Category: Preserve for the Future
Location: Warren M. Robbins Library, National Museum of African Art
Carlos Páez Vilaró (1923-2014), born in the vibrant, multicultural city of Montevideo, Uruguay, was a self-taught, tirelessly creative painter, potter, sculptor, composer, architect/builder, and writer. He began his artistic career at age 16, sketching nightlife in the bars and cabarets of Buenos Aires. His lifelong preoccupation with African themes began back in Uruguay with the Afro-Uruguayan music and dance traditions elaborated by the descendants of African slaves and called Candomblé.
Moving on to Bahía, Brazil, he was struck by the intensity of Afro-Brazilian culture, most evident in its mystical, frenzied religion, Candomblé (meaning “dance in honor of the gods”). As a friend said, “To be in Bahía is to be in Africa.” The artist transferred his quick, nervous sketches directly onto the printing plates. This copy is number 995 of an edition of 1000, signed by the author.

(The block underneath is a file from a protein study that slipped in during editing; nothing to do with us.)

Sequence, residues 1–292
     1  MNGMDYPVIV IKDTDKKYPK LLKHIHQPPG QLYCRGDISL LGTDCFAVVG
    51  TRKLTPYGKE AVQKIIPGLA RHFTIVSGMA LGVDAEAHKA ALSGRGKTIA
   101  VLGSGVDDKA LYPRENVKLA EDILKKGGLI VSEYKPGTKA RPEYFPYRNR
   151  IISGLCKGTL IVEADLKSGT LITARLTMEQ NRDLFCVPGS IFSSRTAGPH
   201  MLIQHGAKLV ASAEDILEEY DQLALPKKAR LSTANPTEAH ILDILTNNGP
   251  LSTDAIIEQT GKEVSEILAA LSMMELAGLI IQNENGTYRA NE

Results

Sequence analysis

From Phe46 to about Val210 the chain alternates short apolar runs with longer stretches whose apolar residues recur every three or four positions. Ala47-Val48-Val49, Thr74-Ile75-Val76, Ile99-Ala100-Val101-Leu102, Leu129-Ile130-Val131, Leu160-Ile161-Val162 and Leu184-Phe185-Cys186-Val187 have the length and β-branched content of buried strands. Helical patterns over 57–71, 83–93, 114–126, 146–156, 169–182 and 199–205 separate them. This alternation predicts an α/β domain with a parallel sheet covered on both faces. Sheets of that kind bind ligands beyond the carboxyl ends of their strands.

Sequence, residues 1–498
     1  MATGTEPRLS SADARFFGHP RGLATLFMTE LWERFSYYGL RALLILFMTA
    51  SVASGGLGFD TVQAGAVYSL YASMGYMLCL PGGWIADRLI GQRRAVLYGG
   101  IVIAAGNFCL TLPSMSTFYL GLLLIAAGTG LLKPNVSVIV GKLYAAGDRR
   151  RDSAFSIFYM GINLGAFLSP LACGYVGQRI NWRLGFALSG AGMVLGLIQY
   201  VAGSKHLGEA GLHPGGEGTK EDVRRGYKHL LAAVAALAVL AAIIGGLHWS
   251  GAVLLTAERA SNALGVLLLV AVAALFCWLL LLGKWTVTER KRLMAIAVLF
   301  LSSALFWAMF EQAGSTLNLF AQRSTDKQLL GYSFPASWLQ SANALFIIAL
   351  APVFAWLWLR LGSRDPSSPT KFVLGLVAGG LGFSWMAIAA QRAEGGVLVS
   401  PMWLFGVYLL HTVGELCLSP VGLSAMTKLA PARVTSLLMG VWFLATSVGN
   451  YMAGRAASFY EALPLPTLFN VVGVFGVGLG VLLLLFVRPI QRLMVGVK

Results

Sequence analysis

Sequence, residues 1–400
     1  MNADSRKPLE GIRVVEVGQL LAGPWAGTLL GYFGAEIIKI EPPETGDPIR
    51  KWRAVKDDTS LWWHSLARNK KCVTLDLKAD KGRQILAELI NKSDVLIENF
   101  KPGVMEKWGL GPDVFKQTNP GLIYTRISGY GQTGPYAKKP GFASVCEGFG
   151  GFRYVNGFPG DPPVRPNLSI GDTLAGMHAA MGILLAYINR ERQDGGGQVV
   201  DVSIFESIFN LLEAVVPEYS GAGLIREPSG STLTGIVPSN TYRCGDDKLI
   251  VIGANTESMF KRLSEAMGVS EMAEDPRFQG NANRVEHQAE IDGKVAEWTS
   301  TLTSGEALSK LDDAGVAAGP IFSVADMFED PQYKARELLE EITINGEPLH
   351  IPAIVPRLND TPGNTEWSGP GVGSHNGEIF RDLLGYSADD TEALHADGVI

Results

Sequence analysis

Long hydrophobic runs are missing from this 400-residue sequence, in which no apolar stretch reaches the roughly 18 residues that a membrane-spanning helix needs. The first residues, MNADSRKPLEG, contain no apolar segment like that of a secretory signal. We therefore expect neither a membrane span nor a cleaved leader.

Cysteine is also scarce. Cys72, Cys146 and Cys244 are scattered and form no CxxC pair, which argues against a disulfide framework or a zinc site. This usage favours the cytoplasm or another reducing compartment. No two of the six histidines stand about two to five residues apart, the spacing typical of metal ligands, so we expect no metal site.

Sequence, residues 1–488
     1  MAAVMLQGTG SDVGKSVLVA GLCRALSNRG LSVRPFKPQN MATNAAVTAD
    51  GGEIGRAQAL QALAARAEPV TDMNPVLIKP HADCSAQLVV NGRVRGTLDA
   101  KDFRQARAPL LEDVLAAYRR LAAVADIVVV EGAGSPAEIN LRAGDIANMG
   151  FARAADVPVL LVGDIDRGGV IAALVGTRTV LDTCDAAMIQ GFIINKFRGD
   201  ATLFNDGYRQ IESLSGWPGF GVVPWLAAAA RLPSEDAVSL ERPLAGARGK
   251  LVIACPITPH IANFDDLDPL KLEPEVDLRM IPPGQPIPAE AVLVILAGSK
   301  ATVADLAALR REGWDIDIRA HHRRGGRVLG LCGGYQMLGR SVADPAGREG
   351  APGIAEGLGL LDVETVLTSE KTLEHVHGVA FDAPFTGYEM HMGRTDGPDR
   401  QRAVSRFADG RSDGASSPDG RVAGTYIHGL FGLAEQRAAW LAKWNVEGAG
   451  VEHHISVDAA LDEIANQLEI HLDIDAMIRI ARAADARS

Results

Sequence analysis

A mid-20th century volume. The binding consists of plain boards and a simple cloth spine covered with a decorative paper jacket. The jacket is torn in multiple locations and no longer functioning on the cover. The sewing is failing and the pastedowns are separating from the cover. The thin cloth spine is also detaching. Conservators will remove the spine, resew the textblock, and reattach the pastedowns to the boards. The paper jacket will be repaired using Japanese paper adhered with reversible paste. A protective enclosure will be created for this delicate item.
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